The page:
"The film very much became a war of images," said filmmaker Thomas Allen Harris in an interview with PIX11 News, "between images that were taken by black photographers, commissioned by black families, and the images that were stereotypes that depicted African Americans as less than human, and not citizens."
Harris is a native New Yorker who also spent many years of his childhood in Tanzania, in southeastern Africa. He told PIX11 News that his own diverse background, as well as those of the many photographers, artists, archivists and historians who are shown in the film and collaborated on it, create a broad palette of experiences that are brought together in "Through A Lens Darkly."
"It comes from the Bible, Corinthians," said Harris, regarding the title. Specifically, it's a reference to I Corinthians 13:12, which reads, in the Lamsa Translation of the Bible, "For now we see through a mirror, darkly; but then face to face."
"[It asks] how do you see God?" Harris explained. "You can't see God. What you can see is a reflection. For me, true art is always a kind of a reflection of the divine in us."
Reflections in Black happens to be the name of a best selling book by MacArthur genius grant winner and artist Deborah Willis, who is a close friend and colleague of Harris's.
"Deborah Willis approached me," he said, "about making a film about her book." That was in 2003. The filmmaker spent the next ten years making "Through A Lens Darkly." "It took a herculean effort to make this film," he told PIX11 News.
The book contains both shocking and stunning images of African Americans, taken professionally over a century and a half. Harris built on that concept for his film.
"We had to find images that were in pop culture," he said, "like the blackface images, and the lynching images. It took a long time."
Over the decade in which the film came together, Thomas Allen Harris also worked on another project, which intentionally ended up becoming part of the documentary.
"We wanted to do this online project called the Digital Family Reunion, where we would help people celebrate the importance of their own family photographs," he said.
"I started marketing that prototype around and people started saying, 'We want you to do a roadshow, a live event.' And all of a sudden, the Digital Diaspora Roadshow was born.
"It was through the roadshow that we collected in excess at that time 6,000 images. Most of them were African American, because we were targeting that population, but Jewish Americans came in with all their images, we had Latinos, Asians, people wanting to come in and share their photos and stories in front of a live public audience."
The roadshow went to numerous cities nationwide, and its spirit of publicly sharing very personal historical images became a major part of "Through A Lens Darkly."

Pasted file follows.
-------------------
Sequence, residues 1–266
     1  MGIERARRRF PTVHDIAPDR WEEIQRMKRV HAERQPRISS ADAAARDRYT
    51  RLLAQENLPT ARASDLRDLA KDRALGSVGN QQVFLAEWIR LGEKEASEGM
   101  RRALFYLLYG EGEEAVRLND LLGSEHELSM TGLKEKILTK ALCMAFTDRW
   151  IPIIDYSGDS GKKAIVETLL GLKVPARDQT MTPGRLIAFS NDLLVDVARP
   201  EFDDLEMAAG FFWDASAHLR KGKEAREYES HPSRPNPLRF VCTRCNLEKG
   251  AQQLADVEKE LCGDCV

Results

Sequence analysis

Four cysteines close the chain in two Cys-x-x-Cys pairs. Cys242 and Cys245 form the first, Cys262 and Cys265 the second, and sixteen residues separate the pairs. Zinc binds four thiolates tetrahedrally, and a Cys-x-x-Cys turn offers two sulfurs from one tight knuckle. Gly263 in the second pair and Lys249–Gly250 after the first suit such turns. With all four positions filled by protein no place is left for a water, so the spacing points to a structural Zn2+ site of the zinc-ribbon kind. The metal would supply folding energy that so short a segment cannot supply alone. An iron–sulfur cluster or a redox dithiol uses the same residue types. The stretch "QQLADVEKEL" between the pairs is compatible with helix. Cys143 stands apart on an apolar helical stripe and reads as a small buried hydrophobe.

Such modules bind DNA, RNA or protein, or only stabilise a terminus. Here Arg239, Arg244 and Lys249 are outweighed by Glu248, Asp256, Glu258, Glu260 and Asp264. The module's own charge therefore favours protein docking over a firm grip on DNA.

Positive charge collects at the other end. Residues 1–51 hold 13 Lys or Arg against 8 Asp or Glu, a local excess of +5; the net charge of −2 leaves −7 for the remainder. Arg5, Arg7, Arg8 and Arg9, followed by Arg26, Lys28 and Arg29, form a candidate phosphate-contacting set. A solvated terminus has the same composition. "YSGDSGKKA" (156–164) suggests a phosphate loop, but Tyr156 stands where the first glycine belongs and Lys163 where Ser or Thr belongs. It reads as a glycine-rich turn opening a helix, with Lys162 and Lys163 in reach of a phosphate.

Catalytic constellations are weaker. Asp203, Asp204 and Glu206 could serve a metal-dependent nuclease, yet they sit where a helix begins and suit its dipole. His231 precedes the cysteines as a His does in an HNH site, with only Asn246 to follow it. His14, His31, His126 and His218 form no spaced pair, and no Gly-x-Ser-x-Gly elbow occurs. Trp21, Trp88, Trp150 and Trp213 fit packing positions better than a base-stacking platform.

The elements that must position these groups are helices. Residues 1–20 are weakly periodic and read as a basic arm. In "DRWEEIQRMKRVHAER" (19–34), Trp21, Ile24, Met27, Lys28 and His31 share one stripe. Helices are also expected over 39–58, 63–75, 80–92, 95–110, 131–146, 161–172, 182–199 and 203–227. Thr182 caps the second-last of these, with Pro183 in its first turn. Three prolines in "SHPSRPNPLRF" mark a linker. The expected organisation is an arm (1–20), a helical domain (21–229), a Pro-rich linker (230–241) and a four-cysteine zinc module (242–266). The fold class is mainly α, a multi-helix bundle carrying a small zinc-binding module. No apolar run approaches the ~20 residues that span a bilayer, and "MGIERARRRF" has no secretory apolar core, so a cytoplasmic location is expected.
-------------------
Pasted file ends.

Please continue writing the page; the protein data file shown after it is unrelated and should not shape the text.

"My film," said Harris, "is kind of an ode to the family album."
That tribute, along with the stories of African American photographers who record images ranging from family photos to high artistic works, Harris uses to help viewers do what he's done over time: better understand themselves.
"This is who I am and I have to embrace myself," he said in the interview in his production office. "I have to have compassion for myself and I have to know myself."
Harris also pointed out that recent news stories about tragic deaths of African Americans, such as Eric Garner, Michael Brown and Trayvon Martin, have added to the library of piercing, disturbing images of people of color.
"That's a tension that we live with," he said. "That's why in 1968, Ernest Withers took the now famous picture of the garbage men's strike, with these African American men holding these posters saying 'I am a man,' or jump 50 years and have to hold a poster saying 'Black lives matter.'"
Recent protests over those tragic deaths have brought very ethnically diverse people together. Harris believes that his film will, as well.
"It's a universal story," he said. "It was actually me taking the film to the  Berlin Film Festival that led to the theatric realease in the United States."
Now, "Through a Lens Darkly" has been shown in theaters in 60 cities worldwide. For the first time, though, this month it's been shown on television here in the U.S.
"What's going to be happening in people's living rooms," Harris said about the way his film is viewed and responses to it. "With conversations between different generations and different people.
"I want people when they see this film," he added, "to go home and think about their own family images, regardless of their ethnicity, and think about how it connects to the public record, so they will see the importance of the family album."
The full documentary can also be streamed online free of charge here http://video.pbs.org/video/2365421891/